August 27, 2021
According to a new study from UNC-Chapel Hill, gun use is common even in nonfatal reports of intimate partner violence (IPV) in North Carolina, indicating a need to further understand the ways that guns are accessed and legal strategies for restricting gun access among perpetrators of IPV.
The study, published in Social Science & Medicine, was led by a team of researchers in the Department of Health Behavior at the UNC Gillings School of Global Public Health and the UNC Injury Prevention Research Center (IPRC). The authors are Julie Kafka, doctoral candidate in health behavior and IPRC Injury and Violence Prevention Fellow; Beth Moracco, PhD, associate professor of health behavior and associate director of IPRC; and Claire Hoffman, graduate research assistant at IPRC. Deanna Williams, health behavior alumna, also contributed to this study.
The researchers analyzed secondary data from the Courts Applying Solutions to End IPV (CASE IPV) study, which used a representative sample of 406 domestic violence protective order (DVPO) cases in N.C. They conducted a content analysis of case data and courtroom hearing observation notes to record IPV perpetrator access to guns and identify any reported firearm abuse behaviors. They then conducted a logistic regression analysis to determine whether IPV perpetrator gun access was associated with higher levels of reported physical, sexual and psychological abuse.
The study team found evidence of perpetrator firearm access in 46 percent of DVPO cases, which is much higher than what has been reported in previous studies. Gun access was strongly associated with higher levels of reported abuse, even after controlling for other factors, such as race/ethnicity, marital status and geographic location (urban/rural). Their findings suggest that in DVPO cases, perpetrator access to firearms should be considered an important indicator for severe IPV.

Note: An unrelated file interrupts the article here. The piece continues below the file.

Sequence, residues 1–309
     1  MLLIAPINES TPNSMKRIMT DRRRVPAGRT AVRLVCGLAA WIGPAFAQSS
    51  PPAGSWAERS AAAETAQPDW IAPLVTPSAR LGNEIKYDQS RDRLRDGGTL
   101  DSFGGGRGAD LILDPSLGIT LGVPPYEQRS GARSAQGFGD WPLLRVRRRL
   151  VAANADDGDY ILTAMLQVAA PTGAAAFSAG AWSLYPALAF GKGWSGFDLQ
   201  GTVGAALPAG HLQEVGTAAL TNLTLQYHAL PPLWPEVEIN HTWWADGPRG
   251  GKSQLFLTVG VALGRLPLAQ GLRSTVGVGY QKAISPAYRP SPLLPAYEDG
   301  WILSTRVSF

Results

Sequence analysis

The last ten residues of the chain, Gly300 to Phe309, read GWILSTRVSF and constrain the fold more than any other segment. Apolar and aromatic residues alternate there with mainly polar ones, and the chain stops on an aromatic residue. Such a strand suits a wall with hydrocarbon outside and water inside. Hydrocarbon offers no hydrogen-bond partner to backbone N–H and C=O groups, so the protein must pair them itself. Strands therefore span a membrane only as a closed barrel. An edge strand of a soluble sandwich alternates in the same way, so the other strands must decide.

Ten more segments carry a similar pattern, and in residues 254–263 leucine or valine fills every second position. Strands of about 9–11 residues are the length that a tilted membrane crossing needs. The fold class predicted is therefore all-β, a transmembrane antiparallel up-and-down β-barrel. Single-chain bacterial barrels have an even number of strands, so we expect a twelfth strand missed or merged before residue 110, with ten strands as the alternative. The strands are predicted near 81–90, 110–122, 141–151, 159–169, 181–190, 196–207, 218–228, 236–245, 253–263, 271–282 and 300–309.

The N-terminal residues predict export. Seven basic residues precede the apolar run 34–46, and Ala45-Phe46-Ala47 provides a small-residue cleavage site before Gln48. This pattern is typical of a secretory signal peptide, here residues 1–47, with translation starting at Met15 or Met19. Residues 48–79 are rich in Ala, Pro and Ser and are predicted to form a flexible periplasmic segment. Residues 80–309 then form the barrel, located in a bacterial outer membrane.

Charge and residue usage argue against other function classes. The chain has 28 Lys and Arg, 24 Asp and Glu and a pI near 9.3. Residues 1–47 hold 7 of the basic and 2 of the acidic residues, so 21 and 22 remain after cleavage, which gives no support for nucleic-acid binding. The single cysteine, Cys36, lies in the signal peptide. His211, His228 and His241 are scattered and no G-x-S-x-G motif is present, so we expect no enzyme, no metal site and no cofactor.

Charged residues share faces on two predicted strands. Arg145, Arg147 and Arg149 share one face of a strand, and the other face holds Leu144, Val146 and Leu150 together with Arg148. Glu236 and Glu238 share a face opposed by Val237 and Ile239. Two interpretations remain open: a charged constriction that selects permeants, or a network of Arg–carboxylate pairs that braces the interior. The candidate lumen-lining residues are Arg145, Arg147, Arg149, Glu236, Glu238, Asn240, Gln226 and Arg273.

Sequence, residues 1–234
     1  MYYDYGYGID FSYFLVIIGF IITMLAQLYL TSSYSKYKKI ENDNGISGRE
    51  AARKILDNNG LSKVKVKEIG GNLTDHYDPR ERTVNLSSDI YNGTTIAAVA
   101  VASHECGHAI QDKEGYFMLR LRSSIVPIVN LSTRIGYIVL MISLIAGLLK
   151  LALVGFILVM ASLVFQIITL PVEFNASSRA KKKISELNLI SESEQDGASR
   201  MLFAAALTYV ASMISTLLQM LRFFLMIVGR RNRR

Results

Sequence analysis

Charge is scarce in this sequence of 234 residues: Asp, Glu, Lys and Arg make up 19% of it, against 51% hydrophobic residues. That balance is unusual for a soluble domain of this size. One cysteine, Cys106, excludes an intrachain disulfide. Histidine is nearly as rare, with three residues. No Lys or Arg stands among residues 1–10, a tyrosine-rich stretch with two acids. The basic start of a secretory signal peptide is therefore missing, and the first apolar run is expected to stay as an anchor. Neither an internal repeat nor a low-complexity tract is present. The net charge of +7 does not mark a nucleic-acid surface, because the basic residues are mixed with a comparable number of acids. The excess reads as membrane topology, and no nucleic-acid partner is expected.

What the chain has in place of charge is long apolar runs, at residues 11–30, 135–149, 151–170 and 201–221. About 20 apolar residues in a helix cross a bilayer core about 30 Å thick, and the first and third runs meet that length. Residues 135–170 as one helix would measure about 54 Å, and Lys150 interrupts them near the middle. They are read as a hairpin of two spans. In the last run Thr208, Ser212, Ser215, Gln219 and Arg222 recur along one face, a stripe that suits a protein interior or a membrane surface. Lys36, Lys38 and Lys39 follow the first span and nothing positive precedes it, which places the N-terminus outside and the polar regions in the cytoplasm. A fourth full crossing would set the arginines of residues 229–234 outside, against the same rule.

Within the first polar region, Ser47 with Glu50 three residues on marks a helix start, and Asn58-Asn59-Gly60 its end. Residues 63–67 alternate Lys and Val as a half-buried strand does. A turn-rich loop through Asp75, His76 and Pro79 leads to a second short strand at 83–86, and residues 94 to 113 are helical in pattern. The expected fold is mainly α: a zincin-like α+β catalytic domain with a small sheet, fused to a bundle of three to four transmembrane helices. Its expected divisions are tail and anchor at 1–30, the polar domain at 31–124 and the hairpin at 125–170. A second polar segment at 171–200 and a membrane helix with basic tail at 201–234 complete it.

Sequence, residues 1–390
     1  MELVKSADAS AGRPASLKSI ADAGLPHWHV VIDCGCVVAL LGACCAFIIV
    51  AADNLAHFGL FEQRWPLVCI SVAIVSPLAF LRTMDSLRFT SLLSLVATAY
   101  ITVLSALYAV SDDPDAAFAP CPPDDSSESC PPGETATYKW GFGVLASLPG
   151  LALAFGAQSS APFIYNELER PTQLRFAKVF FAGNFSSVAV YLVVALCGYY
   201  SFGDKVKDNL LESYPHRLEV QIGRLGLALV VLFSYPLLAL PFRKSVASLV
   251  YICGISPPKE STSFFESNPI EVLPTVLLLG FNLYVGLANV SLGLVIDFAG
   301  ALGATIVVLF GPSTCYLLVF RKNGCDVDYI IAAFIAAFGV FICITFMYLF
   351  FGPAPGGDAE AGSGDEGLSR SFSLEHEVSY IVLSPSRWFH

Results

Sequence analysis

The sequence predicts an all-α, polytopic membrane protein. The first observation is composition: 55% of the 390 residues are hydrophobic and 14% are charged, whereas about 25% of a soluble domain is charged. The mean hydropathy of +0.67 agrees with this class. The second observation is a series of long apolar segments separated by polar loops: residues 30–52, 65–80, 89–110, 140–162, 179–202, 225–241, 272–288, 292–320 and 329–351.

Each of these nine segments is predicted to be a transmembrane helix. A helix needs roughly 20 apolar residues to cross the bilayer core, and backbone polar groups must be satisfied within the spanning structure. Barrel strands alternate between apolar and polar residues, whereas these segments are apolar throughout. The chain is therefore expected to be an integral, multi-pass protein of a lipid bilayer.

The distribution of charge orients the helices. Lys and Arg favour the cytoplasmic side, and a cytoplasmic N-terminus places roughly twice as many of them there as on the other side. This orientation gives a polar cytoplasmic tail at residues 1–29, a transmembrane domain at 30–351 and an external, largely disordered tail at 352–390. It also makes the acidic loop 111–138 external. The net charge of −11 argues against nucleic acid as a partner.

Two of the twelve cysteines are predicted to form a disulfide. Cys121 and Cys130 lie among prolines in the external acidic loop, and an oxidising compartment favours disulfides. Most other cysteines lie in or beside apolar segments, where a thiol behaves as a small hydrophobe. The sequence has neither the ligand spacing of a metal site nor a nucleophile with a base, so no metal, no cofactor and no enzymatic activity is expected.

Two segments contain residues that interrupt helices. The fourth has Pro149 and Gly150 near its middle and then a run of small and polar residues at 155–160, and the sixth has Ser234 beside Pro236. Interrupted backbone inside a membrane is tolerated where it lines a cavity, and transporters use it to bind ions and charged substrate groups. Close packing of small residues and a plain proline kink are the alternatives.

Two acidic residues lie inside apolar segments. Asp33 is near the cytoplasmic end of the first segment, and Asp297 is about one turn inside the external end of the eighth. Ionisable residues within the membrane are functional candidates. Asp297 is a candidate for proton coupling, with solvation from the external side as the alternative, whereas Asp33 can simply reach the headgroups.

About a quarter of all cases (24 percent) included explicit descriptions of firearm abuse. Among these cases, spoken threats to harm a partner with a firearm were the most common type of firearm abuse (61 percent). Some cases described coercive suicide threats (24 percent) or spoken threats to harm family, friends or new intimate partners (12 percent).
This study suggests that perpetrator access to firearms is more prevalent than previously thought; past research found perpetrator firearm access in only 10-18 percent of restraining order cases. This research also reveals that firearm abuse commonly manifests as non-physical coercive control, which is traumatic and has the potential to escalate and cause serious harm, even in the absence of past physical violence.
According to Kafka, the lead author, “Our findings unequivocally show that both firearm access and firearm abuse behaviors are common for this population. It is important that the courts approach the issue of firearms and IPV very seriously, consistently and comprehensively given that danger that it poses to survivors, as well as their friends and family.”
There are already laws in place that can help facilitate restricting access to firearms by IPV perpetrators. For example, when a DVPO is issued, a judge can order the perpetrator to surrender their firearms to the sheriff. It will be important to ensure that these provisions are fully implemented and that there are sufficient mechanisms in place, such as comprehensive background checks, to keep abusive individuals from illegally accessing firearms.
According to the authors, their subsequent research will investigate the extent to which judges verbally ask about firearm access in DVPO cases. They will also examine the factors that influence whether judges ultimately grant DVPOs that restrict a perpetrator’s access to firearms.
If you or someone you know needs resources to help with intimate partner violence, contact the National Domestic Violence Hotline phone number at 1-800-799-SAFE (7233). For teletypewriter (TTY), the number is 1-800-787-3224. A chat function is also available on their website.
Contact the UNC Gillings School of Global Public Health communications team at firstname.lastname@example.org.
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